Christmas Shorts - Once In Royal David's City

 Photograph by Joel Griffin

Photograph by Joel Griffin

I spent a few days over Christmas hauled away in a large house on the top of the North Yorkshire Moors celebrating a family birthday. A lot of time was spent sitting around the roaring fire, playing games and sharing stories. 

Our departure was delayed by heavy snow and on one of the nights, our discussions turned to childhood memories and all the things that we got up to when we were kids. I couldn’t possibly share the secrets of the Moorby family but I told some of my own stories that night. Like the time that I took a pair of nail scissors to the Venetian blinds because I thought my mum had been on the phone far too long and I wanted her attention. Or the time when my brother pulled his toy car backwards along the floor and then let it run in my sister’s hair leading to an unexpected haircut. Stories were shared of times when we had been in trouble and times when we had been less than kind to our siblings.

For He is our childhood’s pattern,

Day by day, like us He grew;

He was little, weak and helpless,

Tears and smiles like us he knew,

And he feeleth for our sadness,

And he shareth in our gladness. 

There are other moments of my childhood that I find tricky to recall. I have suffered painfully embarrassing moments where I have forgotten the names of people that I apparently spent lots of time with as a child and have not been able to remember events that others assure me I was part of. My “childhood’s pattern” is one that has continued into my adult life. It’s one of striving to complete the task in front of me, solve the problem that needs to be solved and then move on to the next thing, taking little time to reflect on or celebrate anything that has been achieved. I’ve never been very good at being “in the moment” as I’ve always been too busy focussing on what the next moment is going to be!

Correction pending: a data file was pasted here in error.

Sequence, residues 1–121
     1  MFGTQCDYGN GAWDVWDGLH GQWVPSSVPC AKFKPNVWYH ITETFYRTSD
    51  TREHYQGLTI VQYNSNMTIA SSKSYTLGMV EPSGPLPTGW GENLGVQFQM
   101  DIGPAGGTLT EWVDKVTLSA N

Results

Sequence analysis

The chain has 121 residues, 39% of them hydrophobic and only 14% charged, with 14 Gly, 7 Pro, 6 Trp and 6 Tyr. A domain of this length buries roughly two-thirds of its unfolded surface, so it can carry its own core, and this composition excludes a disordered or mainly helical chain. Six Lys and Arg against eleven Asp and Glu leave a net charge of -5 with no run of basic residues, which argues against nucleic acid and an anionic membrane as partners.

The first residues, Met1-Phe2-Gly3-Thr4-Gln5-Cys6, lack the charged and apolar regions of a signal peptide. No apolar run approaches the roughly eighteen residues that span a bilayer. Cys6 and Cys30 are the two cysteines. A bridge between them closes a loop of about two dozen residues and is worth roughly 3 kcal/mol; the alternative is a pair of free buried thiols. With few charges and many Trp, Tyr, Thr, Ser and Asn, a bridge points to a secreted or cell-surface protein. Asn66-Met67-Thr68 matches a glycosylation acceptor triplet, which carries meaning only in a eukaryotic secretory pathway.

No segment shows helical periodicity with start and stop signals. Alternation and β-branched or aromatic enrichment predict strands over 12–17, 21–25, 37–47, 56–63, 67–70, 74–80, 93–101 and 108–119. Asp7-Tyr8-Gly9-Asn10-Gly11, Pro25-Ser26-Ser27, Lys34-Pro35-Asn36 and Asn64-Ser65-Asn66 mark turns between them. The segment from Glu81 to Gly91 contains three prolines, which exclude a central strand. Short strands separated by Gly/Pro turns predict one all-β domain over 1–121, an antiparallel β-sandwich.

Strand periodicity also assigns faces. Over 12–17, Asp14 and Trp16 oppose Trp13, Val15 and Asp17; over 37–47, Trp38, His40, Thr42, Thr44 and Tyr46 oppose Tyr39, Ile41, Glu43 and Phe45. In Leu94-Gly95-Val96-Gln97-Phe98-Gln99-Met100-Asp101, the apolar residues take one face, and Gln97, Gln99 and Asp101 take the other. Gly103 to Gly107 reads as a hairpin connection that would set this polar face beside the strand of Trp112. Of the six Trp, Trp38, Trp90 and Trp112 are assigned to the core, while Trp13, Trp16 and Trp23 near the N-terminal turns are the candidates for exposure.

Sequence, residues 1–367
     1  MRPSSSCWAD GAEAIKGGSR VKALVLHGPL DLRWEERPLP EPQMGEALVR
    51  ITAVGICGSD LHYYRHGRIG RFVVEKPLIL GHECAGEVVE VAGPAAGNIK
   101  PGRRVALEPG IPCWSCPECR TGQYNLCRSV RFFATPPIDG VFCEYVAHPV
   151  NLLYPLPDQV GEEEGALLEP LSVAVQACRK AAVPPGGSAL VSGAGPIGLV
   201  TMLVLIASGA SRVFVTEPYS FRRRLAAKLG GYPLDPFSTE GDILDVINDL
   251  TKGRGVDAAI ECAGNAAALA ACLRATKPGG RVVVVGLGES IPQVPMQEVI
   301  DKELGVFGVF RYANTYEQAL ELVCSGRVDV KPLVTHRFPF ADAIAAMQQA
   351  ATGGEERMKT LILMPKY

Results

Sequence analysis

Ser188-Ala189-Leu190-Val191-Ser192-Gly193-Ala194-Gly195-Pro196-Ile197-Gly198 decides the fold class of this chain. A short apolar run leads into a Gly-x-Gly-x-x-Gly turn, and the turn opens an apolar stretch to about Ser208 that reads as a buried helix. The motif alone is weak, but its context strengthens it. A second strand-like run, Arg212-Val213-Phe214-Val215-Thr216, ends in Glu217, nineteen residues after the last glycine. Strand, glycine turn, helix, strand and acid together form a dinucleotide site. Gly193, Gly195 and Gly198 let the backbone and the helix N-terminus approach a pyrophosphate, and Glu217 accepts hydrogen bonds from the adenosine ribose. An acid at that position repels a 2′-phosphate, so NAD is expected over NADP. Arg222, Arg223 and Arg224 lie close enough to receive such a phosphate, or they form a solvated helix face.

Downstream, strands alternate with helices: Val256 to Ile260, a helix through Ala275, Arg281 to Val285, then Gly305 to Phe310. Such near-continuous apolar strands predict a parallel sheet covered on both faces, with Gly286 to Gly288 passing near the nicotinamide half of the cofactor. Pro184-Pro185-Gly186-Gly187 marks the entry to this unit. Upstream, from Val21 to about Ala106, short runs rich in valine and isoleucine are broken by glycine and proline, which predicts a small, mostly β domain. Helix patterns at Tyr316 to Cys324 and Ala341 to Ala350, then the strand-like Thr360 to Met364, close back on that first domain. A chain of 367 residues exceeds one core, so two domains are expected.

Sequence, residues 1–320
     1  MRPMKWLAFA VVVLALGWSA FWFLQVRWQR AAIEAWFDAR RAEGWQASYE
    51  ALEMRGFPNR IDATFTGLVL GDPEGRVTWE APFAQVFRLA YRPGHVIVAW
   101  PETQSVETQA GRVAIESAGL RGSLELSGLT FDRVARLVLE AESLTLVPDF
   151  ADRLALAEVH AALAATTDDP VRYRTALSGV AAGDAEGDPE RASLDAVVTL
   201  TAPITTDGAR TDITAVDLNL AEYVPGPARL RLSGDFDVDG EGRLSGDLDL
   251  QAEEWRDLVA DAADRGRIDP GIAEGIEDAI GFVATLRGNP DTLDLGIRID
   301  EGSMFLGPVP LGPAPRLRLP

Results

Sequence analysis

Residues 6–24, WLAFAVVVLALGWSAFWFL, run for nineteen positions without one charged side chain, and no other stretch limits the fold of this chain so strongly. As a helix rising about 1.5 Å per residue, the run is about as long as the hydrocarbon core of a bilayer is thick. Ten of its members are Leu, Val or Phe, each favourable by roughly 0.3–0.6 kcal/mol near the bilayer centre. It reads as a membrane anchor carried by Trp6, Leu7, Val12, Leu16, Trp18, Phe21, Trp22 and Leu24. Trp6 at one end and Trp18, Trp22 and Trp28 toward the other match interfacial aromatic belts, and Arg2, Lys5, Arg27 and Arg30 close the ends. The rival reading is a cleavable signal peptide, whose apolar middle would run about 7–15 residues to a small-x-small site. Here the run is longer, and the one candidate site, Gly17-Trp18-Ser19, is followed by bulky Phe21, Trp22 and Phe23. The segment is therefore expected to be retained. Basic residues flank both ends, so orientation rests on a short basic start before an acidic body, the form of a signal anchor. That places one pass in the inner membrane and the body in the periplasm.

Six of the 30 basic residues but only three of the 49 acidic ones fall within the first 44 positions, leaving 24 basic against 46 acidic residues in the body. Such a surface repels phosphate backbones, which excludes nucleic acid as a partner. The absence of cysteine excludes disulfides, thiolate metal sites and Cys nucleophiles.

At the end of our stay, it took quite a lot of effort to dig the car out of the snow and successfully make our way along the windy lane that led up to the house. Once we reached the main road Lyndon, who was travelling home separately, got out of the car and Pete and I got in. A family member, who shall remain nameless, had told us that we needed to turn left at the t-junction. As we started to drive along the top of the North Yorkshire Moors towards Castleton, it became apparent that we were driving in the wrong direction and, more worryingly, that the fuel gauge was on zero. Conditions were icy and at times it felt like we were in the middle of nowhere. Unsure whether we would make it to the next village, I gripped the steering wheel, stared at the road ahead and just kept going.

“Look Mum.”

I looked away from the road for a moment in Peter's direction and could see miles and miles of beautiful, snow-covered hills. In that moment, I forced myself to focus on the beauty that surrounded me, rather than the icy path that lay directly ahead.

2017 has felt very much like that car journey! It’s been a year of descending mist and uncertainty about where the road was heading. It’s also been a year where God has tried to shift my focus and has encouraged me to see Him in the middle of the icy conditions even when I feel like I'm running on empty!

Just in case you ever need to know, there is no petrol station at Castleton and we drove another 9 stressful miles to Guisborough, willing the car to keep going. Hoping for a clear run home, I was so relieved when the tank was full and we were able to continue on our journey. Little did I know that there was still endless traffic, a potential speeding ticket and buckets of rain to deal with.

I don’t know what 2018 has in store for the Moorby household or soulwithaview. I hope the journey is a little less bumpy than 2017 but if it isn’t then we’ll be ok.  At Christmas, or any other time of the year, I know that “God is with us.” He’s been with us throughout all the events of 2017, shedding tears with us in the hard times and sharing in our happiness when things have gone well. 

2017 has been a year of shifting my “childhood’s pattern”, learning to see the wider perspective and noticing God in every mile of the journey. In 2018 I aim to live out the “childhood pattern” of Jesus, taking time to connect with my Heavenly Father and continuing to focus my attention on the beauty around me.

Happy New Year everyone!

Kay Moorby